Date: Thu Feb 17 2000 - 20:20:31 PST
Dear Chris and All,
Read the following and send your opinion:
Martin Pickering UK <firstname.lastname@example.org> on 02/18/2000 03:29:39 AM
To: Manickavelu/Shuttle Technology
Subject: Re: 0.1uF capacitor
>We need an opinion from you.
>In the production, we have problems with the SMD tantulum capacitors from
>the aspects of cost and the lead-time.
>Our Taiwan people have suggested a new family of electrolytic caps named
>"PETIT" which is also SMD type but costs very less. It has less lead time.
>But the only obvious problem is it has slightly bigger foot-print and
>higher. Please refer to the attached data sheet for PETIT.
>Although the PETIT family is cheap and available in short time, the PCB
>size seems to be bigger, and we can not use these caps in certain areas
>where we have height restrictions.
>Then we found another alternate part from AVX. It is of Ceramic type with
>Y5V dielectric. In which we have caps from 2.2 to 22uF. The pages 16 to 18
>of the attached PDF document shows the Y5V data. The attached GIF file
>shows the parts of our interest. Most of our appications may exploit these
>caps. The size of these caps is 1206 which is quite smaller than the
>tantulum and the PETIT caps.
>While we are going to analyze the cost of these AVX ceramic, could you
>please let us know what will be the implications of Ceramic caps in places
>of Tanatulum and PETIT-Electrolytic? The question is, with reference to
>attached data sheets, would it be good to use the Ceramic parts in places
>of the tantulums on DC Power planes?
>We have done some studies and found the following differences:
>(1) The Tantulum seems to have low impedences at high frequencies; then
>comes the PETIT (electrolytic) which have slightly higher impedences and
>then the Ceramic that has further high impedences at high frequencies.
>(2) The Ceramic caps are not polarized; whereas the tantulum and
>electrolytic are polarized.
February 17, 2000
Tantalum has always been expensive and rare. In addition, such capacitors
need to be rated at twice the supply voltage for best reliability (don't
ask me why - it's just one of those things that was drummed into me at an
So any alternative to tantalum has to be better, from the point of view
of cost and availability, although tantalum is my favourite for
performance and reliability.
I am not happy with wet electrolyte aluminium foil capacitors. I have no
experience of the "Petit" type but I know that surface mount
electrolytics in camcorders are proving to be very unreliable after 2 - 3
years of use. The rating of only 2000 hours at 85 or 105'C is not very
impressive. I would not expect a camcorder to become very warm inside. I
wonder what temperatures your equipment sees?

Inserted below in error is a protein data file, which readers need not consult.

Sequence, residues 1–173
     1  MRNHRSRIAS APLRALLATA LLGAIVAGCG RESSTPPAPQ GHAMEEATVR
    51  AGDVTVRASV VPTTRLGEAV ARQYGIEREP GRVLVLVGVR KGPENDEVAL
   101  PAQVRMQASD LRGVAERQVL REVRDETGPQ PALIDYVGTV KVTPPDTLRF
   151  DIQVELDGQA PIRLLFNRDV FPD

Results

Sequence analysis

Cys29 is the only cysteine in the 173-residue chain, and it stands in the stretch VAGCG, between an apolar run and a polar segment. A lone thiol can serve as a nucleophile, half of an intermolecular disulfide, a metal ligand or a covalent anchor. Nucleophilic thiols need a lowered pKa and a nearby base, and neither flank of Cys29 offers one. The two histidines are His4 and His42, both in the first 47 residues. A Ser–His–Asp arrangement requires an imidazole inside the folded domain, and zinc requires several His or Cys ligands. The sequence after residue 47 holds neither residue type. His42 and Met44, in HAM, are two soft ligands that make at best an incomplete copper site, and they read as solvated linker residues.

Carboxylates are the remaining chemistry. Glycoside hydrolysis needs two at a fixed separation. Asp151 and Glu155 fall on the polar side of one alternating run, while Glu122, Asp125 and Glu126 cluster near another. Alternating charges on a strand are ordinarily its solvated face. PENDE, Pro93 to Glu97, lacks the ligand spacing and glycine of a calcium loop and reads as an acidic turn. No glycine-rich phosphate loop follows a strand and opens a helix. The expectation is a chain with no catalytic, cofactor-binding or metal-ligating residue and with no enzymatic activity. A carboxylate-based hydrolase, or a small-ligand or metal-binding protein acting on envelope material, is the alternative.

I am not happy with multilayer ceramic capacitors. The values of 47nF and
higher seem especially prone to flame problems when connected to a 5 volt
supply. However, there is no electrolyte to evaporate and the life will
be infinite, provided that the capacitor is not cracked. I am very
surprised that you find higher impedances with the ceramic than with the
aluminium electrolytic "petit" type. I think you will find very much the
reverse is true after a few months of use.
However, in my experience many designers use a "belt and braces"
technique by asking for as many DC power plane decoupling capacitors as
space will allow! They do not seem to acknowledge that the ICs which take
the most power and have the fastest risetime pulses need better
decoupling than ICs which are low power CMOS, for example. Sometimes no
decoupling is required at all. It is always best to measure a production
board in order to optimise the decoupling. Of course there is never time
to do the design correctly. As the American saying goes: "There's never
time to do it right, but there's always time to do it over." The design
*always* gets completed by Production engineers, in my experience.
Whatever you decide to use, you will have to carry out tests for
performance and reliability. Putting the equipment inside a chamber with
fairly high humidity and temperature cycling up and down will help to
find most problems in just 2 or 3 days. The equipment should be *running*
during the test and, of course, the temperature and humidity must be kept
within reasonable limits. The idea is to make it "breathe" - not to
stress it beyond reasonable limits. You don't test a camel to see if it
will survive in the desert by sticking a red hot poker up its backside!
Performance tests should be easy to carry out. It needs only a high
frequency oscilloscope to view the spurious pulses on the DC power planes
and to decide whether they are below the limits which will cause
problems. Of course, the equipment also needs to meet emission standards
as well, so this should be a consideration. I would firstly compare a
"standard" board assembly with one that has the new capacitors fitted.
If you decide to use ceramic capacitors, do bear in mind the ways to
minimise stress, as discussed in my web site pages. If you decide on wet
electrolytics then remember that they degrade fairly quickly at
temperatures above 20'C.
OK, I am sorry that I can not give you a simple "yes" or "no" answer but,
as you know, there are several factors to be considered.
Martin T. Pickering B.Eng.
Chris Padilla <email@example.com> on 02/18/2000 04:36:50 AM
Please respond to firstname.lastname@example.org
cc: (bcc: Manickavelu/Shuttle Technology)
Subject: [SI-LIST] : Where for art thou Tantalum Caps?
Why are tantalum capacitors becoming scarce?
What are good alternatives?
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